Guidance Expanded to Reflect Developments in Reporting Economic Evaluations of Health Interventions
As part of the adoption process for new drugs, devices, or medical procedures, healthcare decision-makers must compare health economic evaluations of new products to studies of other available options. Standardized guidelines for reporting enable authors, journal editors, peer-reviewers, and all decision-makers to interpret and compare evaluations more accurately.
ISPOR has published updated economic evaluation reporting standards, CHEERS 2022, based on the work of their Good Research Practices Task Force. The update includes a new 28-item checklist (available at ispor.org/cheers/).
Josephine Mauskopf, PhD, Vice of President Health Economics at RTI Health Solutions and member of the ISPOR task force, has kindly agreed to answer a few questions about CHEERS 2022.
Q: What perspectives did you bring to the Task Force?
A: I review a lot of journal articles both as an associate editor and as a peer-reviewer, so I'm very interested in studies being reported fully and transparently so that peer-reviewers and editors can assess their quality. I am also interested in economic evaluations being presented in ways that make them accessible to non-technical audiences.
Q: What is most important about this new update?
A: It works to clarify that reporting guidelines are not methods guidelines.
While researchers have sometimes used CHEERS as a methods guideline, that is not its purpose. Its purpose is to set transparent reporting standards. The updated guidance is careful not to make methods statements or requirements but rather to clarify that authors should report on what methods were used so that reviewers can judge their credibility, validity, and relevance.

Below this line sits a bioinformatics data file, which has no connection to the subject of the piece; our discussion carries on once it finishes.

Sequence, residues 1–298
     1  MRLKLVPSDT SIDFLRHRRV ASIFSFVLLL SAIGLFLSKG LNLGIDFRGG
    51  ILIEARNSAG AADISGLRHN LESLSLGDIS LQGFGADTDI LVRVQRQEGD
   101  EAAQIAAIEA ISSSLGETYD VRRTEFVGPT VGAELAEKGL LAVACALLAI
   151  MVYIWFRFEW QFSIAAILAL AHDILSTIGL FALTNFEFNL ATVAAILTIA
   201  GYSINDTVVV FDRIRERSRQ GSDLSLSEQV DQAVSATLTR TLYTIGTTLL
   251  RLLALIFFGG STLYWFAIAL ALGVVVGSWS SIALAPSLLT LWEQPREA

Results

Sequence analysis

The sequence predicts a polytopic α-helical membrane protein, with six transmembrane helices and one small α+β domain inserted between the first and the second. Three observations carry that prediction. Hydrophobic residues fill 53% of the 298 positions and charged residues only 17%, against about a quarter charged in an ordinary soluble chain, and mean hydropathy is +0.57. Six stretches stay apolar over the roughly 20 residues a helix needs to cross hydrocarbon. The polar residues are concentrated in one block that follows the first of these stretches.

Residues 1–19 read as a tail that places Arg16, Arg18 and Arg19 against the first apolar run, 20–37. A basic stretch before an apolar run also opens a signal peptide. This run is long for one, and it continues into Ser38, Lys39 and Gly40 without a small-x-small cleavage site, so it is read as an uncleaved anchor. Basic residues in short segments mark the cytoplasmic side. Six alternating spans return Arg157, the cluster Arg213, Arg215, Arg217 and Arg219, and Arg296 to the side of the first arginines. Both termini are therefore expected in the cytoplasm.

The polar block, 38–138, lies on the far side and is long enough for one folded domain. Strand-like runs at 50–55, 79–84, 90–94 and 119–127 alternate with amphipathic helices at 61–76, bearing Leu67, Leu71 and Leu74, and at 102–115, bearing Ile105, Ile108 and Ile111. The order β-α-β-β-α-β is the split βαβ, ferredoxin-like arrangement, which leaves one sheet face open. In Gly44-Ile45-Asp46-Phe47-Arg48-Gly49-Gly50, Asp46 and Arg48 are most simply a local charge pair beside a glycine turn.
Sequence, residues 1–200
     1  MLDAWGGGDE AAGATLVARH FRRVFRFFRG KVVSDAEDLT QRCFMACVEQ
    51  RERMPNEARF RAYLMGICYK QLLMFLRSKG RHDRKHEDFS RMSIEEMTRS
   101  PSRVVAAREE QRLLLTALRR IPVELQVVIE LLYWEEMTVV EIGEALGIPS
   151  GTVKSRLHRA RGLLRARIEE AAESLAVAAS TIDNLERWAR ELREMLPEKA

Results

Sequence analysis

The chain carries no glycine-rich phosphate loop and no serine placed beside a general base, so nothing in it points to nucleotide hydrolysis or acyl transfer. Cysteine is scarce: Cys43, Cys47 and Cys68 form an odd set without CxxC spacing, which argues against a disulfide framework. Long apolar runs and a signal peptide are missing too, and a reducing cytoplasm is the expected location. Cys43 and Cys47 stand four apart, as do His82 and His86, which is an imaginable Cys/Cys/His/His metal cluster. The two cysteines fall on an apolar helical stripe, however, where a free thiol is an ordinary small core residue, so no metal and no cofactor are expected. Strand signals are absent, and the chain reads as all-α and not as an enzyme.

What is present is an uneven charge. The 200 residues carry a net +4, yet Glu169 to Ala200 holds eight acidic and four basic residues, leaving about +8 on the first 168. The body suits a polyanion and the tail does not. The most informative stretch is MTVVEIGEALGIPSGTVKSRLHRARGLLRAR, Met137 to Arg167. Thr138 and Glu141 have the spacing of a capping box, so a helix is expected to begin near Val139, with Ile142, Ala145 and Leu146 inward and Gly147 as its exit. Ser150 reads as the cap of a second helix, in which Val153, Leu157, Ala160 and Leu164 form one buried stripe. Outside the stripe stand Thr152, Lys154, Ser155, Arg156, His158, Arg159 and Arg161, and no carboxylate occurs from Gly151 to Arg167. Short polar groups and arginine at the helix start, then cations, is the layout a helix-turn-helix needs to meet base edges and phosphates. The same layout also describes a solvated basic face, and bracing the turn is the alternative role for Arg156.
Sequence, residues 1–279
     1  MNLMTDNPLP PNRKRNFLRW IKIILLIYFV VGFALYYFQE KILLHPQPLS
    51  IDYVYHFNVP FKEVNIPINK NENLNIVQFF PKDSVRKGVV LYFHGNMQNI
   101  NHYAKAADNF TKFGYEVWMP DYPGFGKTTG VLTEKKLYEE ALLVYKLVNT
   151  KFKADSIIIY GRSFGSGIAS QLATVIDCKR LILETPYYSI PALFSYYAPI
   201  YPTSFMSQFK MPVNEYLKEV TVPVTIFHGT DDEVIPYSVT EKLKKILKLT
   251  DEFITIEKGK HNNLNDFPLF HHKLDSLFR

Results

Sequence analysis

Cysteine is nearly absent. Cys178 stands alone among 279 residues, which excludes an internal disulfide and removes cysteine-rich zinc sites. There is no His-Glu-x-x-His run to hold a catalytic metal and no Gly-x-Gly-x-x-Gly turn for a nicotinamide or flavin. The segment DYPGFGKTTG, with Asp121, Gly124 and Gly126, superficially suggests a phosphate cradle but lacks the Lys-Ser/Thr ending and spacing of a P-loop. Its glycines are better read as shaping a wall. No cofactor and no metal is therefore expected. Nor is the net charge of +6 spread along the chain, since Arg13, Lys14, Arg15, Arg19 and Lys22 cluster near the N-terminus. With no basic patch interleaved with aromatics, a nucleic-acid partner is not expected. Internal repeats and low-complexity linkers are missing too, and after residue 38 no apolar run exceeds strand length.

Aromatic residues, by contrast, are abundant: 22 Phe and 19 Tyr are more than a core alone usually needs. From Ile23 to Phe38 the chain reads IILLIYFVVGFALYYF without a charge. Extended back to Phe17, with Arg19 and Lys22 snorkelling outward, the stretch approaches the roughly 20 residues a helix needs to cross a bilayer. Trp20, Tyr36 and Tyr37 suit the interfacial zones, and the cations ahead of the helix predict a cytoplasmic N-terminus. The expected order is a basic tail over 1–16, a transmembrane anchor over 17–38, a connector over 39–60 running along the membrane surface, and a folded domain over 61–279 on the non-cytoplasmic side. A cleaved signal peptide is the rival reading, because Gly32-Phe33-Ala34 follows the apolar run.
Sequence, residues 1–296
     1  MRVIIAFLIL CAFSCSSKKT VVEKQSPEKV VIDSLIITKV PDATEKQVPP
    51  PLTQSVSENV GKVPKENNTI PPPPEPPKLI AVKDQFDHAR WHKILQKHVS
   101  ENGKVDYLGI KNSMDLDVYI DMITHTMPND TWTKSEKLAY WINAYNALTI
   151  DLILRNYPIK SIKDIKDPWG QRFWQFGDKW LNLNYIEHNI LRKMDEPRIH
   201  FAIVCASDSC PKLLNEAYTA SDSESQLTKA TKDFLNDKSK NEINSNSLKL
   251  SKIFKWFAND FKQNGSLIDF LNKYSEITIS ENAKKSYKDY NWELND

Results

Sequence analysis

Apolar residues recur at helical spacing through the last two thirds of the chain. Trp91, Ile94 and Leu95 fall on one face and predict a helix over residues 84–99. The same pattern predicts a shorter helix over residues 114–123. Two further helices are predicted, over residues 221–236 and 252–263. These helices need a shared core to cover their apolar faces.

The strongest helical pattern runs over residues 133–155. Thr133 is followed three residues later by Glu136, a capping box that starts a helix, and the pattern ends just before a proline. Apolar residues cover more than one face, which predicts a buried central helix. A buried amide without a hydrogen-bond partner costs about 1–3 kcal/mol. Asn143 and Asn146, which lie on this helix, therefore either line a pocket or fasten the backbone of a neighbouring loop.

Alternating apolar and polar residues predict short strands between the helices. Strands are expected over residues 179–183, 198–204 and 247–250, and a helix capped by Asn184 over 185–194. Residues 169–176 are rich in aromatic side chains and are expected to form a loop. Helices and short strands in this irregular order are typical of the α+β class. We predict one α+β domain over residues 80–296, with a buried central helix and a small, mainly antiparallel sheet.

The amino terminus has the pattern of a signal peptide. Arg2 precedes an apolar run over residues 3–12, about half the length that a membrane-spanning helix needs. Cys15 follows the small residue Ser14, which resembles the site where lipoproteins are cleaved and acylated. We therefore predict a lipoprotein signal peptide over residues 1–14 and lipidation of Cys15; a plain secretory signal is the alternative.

For example, you might create a static model, or you could choose to create an elaborate, dynamic simulation. CHEERS does not say, do one or the other; it says, tell us what you did. If you used assumptions, we want to know what they were and how you determined them.
Ideally, we want to have the ability to replicate the research using the methods, assumptions, and data you describe and produce the same answer.
Q: What happens if authors don't use the CHEERS 2022 guidance?
A: I don't know for sure. I believe that authors will get through the peer-review process more quickly if they have followed the reporting guidelines. Some editors might decide not to send it for review unless the authors have completed the checklist. As an associate editor or peer-reviewer, I always point out limitations if certain things aren't presented.
Q: Do you have any advice regarding the updated standards for companies who outsource their HEOR?
A: They might want to require completion of the CHEERS checklist along with any study report. It could be requested as a deliverable.
Q: Is there anything you'd like to say about reporting that we haven't covered?
A: Yes. You know, not everyone who reads studies that include economic evaluations is a technical expert in such analyses. As processes have evolved to include patients and providers, we need to make it so that they can understand the basic rationale for the design of the evaluation. There's no reason why even a complex economic evaluation can't be made comprehensible.
I hope that the new CHEERS guidance will result in the reporting of economic evaluations in a way that will help journal editors and technical reviewers determine the quality of submitted studies. Equally important, I hope that they will help authors convey the findings transparently to all groups who might make decisions based on the studies – including patients, providers, and third-party payers.